DRI3000 — Even Better Direct Rendering
This all started with the presentation that Eric Anholt and I did at the 2012 X developers conference, and subsequently wrote about in my DRI-Next posting. That discussion sketched out the goals of changing the existing DRI2-based direct rendering infrastructure.
Last month, I gave a more detailed presentation at Linux.conf.au 2013 (the best free software conference in the world). That presentation was recorded, so you can watch it online. Or, you can read Nathan Willis’ summary at lwn.net. That presentation contained a lot more details about the specific techniques that will be used to implement the new system, in particular it included some initial indications of what kind of performance benefits the overall system might be able to produce.
I sat down today and wrote down an initial protocol definition for two new extensions (because two extensions are always better than one). Together, these are designed to provide complete support for direct rendering APIs like OpenGL and offer a better alternative to DRI2.
The DRI3 extension
Dave Airlie and Eric Anholt refused to let me call either actual extension DRI3000, so the new direct rendering extension is called DRI3. It uses POSIX file descriptor passing to share kernel objects between the X server and the application. DRI3 is a very small extension in three requests:
Open. Returns a file descriptor for a direct rendering device along with the name of the driver for a particular API (OpenGL, Video, etc).
PixmapFromBuffer. Takes a kernel buffer object (Linux uses DMA-BUF) and creates a pixmap that references it. Any place a Pixmap can be used in the X protocol, you can now talk about a DMA-BUF object. This allows an application to do direct rendering, and then pass a reference to those results directly to the X server.
BufferFromPixmap. This takes an existing pixmap and returns a file descriptor for the underlying kernel buffer object. This is needed for the GL Texture from Pixmap extension.
For OpenGL, the plan is to create all of the buffer objects on the client side, then pass the back buffer to the X server for display on the screen. By creating pixmaps, we avoid needing new object types in the X server and can use existing X apis that take pixmaps for these objects.
The Swap extension
Once you’ve got direct rendered content in a Pixmap, you’ll want to display it on the screen. You could simply use CopyArea from the pixmap to a window, but that isn’t synchronzied to the vertical retrace signal. And, the semantics of the CopyArea operation precludes us from swapping the underlying buffers around, making it more expensive than strictly necessary.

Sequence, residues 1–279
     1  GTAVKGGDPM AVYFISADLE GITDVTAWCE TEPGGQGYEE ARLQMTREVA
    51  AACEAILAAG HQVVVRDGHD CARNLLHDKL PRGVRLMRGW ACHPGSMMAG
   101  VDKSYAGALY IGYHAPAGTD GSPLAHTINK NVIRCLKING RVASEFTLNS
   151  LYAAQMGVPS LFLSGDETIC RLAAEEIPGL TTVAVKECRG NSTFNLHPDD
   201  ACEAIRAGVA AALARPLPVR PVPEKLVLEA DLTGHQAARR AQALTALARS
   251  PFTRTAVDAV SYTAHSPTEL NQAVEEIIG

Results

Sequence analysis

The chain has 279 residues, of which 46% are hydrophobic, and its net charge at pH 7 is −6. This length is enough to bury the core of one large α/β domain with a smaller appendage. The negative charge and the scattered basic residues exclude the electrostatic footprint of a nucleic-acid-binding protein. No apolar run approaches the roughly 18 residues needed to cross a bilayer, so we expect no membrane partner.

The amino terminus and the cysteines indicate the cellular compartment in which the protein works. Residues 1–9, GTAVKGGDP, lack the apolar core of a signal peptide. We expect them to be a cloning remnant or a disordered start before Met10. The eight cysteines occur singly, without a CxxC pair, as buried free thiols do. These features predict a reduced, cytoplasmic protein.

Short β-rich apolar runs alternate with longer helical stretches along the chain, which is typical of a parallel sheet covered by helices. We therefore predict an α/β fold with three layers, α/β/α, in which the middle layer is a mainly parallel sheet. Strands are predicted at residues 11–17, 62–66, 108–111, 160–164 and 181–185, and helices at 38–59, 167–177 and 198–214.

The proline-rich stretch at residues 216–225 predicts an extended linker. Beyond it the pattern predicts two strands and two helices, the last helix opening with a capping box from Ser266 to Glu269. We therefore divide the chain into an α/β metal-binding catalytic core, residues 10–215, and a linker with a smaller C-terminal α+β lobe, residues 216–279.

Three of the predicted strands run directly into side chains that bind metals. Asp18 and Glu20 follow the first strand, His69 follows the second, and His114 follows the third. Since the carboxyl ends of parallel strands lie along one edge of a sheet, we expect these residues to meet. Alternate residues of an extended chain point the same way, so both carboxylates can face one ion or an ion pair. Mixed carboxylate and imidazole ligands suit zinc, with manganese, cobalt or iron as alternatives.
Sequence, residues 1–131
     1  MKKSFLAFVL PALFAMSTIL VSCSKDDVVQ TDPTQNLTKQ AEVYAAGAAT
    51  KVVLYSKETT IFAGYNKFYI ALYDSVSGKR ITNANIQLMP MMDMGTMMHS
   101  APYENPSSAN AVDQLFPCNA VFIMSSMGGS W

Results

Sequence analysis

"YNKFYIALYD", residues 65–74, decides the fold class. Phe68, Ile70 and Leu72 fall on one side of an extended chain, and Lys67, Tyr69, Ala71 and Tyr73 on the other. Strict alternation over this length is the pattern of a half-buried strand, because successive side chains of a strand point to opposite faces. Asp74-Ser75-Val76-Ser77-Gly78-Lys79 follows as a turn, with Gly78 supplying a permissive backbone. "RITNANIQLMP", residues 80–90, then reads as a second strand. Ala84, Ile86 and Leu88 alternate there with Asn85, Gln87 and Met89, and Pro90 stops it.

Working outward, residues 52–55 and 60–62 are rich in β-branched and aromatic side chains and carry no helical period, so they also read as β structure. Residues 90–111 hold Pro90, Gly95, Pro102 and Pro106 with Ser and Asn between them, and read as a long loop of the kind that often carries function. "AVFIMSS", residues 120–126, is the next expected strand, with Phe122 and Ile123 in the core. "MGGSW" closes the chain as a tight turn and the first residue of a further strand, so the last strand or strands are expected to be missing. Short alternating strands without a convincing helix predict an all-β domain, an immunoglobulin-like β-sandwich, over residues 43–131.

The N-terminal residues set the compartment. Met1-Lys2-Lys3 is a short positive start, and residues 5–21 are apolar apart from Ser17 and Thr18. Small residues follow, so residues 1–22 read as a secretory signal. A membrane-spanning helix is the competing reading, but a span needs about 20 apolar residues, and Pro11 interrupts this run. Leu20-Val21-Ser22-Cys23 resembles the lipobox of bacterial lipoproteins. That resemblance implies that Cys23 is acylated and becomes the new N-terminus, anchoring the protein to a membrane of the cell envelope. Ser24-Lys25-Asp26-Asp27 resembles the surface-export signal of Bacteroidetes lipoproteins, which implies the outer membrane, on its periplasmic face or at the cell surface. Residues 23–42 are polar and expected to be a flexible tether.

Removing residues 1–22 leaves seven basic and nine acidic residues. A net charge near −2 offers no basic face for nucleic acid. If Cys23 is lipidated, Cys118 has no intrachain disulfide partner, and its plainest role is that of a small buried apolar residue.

The Swap extension fills those needs. Because the DRI3 extension provides an X pixmap reference to the direct rendered content, the Swap extension doesn’t need any new object types for its operation. Instead, it talks strictly about core X objects, using X pixmaps as the source of the new data and X drawables as the destination.
The core of the Swap extension is one request — SwapRegion. This request moves pixels from a pixmap to a drawable. It uses an X fixes Region object to specify the area of the destination being painted, and an offset within the source pixmap to align the two areas.
A bunch of data are included in the reply from the SwapRegion request. First, you get a 64-bit sequence number identifying the swap itself. Then, you get a suggested geometry for the next source pixmap. Using the suggested geometry may result in performance improvements from the techniques described in the LCA talk above.
The last bit of data included in the SwapRegion reply is a list of pixmaps which were used as source operands to earlier SwapRegion requests to the same drawable. Each pixmap is listed along with the 64-bit sequence number associated with an earlier SwapRegion operation which resulted in the contents which the pixmap now contains. Ok, so that sounds really confusing. Some examples are probably necessary.
If the SwapRegion operation was implemented by copying data out of the source pixmap into the destination drawable, then the idle swap count will be equal to the swap count from this SwapRegion operation.
If the SwapRegion operation was implemented by swapping the destination contents with the source contents, then the idle swap count will be equal to the previous swap count on the destination drawable.
I’m hoping you’ll be able to tell that in both cases, the idle swap count tries to name the swap sequence at which time the destination drawable contained the contents currently in the pixmap.
Note that even if the SwapRegion is implemented as a Copy operation, the provided source pixmap may not be included in the idle list as the copy may be delayed to meet the synchronization requirements specfied by the client.
Finally, if you want to throttle rendering based upon when frames appear on the screen, Swap offers an event that can be delivered to the drawable after the operation actually takes place.
Because the Swap extension needs to supply all of the OpenGL SwapBuffers semantics (including a multiplicity of OpenGL extensions related to that), I’ve stolen a handful of DRI2 requests to provide the necessary bits for that:
These work just like the DRI2 requests of the same names.
Current State of the Extensions
Both of these extensions have an initial protocol specification written down and stored in git: